Gospel Gazette Online
Volume 20 Number 11 November 2018
Page 10

The Gift of Giving

Mark McWhorter

Mark McWhorterIn 2 Corinthians 8-9, Paul discussed the grace of giving. The Corinthians had vowed to send money to those in need. Almost a year had passed, and it had not been sent. Paul commended them for being spiritual but said they also needed to fulfill their vow. Intentions were good, but they were empty if not fulfilled. In Chapter 8, he said the Macedonians had a great gift of grace by giving when they were in poverty. He said the Corinthians could learn a lesson from them.

He, then, used God’s great gift of Jesus Christ as the ultimate example (8:9). Jesus became poor so that man could become rich. Jesus had all things when in Heaven, but he gave that up so that we might be rich.

Paul closed Chapter 9 with these verses. “And by their prayer for you, which long after you for the exceeding grace of God in you. Thanks be unto God for his unspeakable gift.” This is almost a parallel to Chapter 8:7-9. He was saying that he was confident that the Corinthians would fulfill their vow with the great grace of God in their giving. Further, he emphasized the importance of such graceful giving by giving thanks to God for His great gift of Jesus Christ to man.

Some people do not like to hear sermons on giving. Yet, God gave Jesus to us. The least we can do is to give bountifully back to Him. We do this by giving on the first day of the week in worship. Then, those funds can be used for preaching the Gospel and for benevolence to those in need.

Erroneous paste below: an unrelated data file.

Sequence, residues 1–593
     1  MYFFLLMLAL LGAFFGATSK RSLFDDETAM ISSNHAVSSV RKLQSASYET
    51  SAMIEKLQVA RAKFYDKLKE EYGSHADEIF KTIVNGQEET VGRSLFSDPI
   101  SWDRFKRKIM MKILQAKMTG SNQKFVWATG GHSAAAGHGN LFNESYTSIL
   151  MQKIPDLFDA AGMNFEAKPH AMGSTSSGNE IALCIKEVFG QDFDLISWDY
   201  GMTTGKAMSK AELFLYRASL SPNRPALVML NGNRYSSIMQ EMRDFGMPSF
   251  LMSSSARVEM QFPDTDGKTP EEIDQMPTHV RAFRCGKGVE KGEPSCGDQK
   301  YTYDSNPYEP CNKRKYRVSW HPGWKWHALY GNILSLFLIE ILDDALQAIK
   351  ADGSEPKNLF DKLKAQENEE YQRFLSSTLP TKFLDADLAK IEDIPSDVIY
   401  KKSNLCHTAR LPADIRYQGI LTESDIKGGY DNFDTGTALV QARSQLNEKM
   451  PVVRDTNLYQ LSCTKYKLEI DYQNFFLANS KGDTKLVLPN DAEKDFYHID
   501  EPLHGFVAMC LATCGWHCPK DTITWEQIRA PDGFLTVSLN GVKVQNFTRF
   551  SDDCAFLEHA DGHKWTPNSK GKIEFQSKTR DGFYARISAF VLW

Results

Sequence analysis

Read your Bible. Learn how to have the gift of the grace of God in benevolence. If any of this is hard to understand, ask an adult to help you.


Donald R. Fox

Donald R. FoxIt is 2:00 a.m., and I cannot sleep. We were notified yesterday, late in the day, that a dear ole friend has terminal cancer and is not expected to live another six months or so. There are so many of whom I can think who are facing the closure of physical life. We understand this is part of living, to die.

I have always prayed that when I face death that I will be strong, have courage to the end. I have also prayed that death would overtake me at 2:00 a.m. or so when I am asleep. Yet, as I consider this, will I have courage to overcome my fears? I think so; maybe I am talking about what I call the human factor. As humans, we are so weak; fears of the unknown haunt us. We wish it were not so, but alas it is. We admit its truth.

As a Christian, I believe with all my being an afterlife will be far better than this earthly life. The comforting words of the apostle John ring true. “These things have I written unto you, that ye may know that ye have eternal life, even unto you that believe on the name of the Son of God” (1 John 5:13). The apostle Paul also gave us frail humans courage concerning our pondering the human factor with all our fears. “And if Christ hath not been raised, your faith is vain; ye are yet in your sins… If we have only hoped in Christ in this life, we are of all men most pitiable… O death, where is thy victory? O death, where is thy sting?” (1 Corinthians 15:17, 19 and 55). We struggle with our fears, yet deep within our being, courage is present.

“Life without the courage for death is slavery” (Seneca 5 B.C.-65 A.D.). So, it is with God-given courage that we press on. “Watch ye, stand fast in the faith, quit you like men, be strong” (1 Corinthians 16:13).

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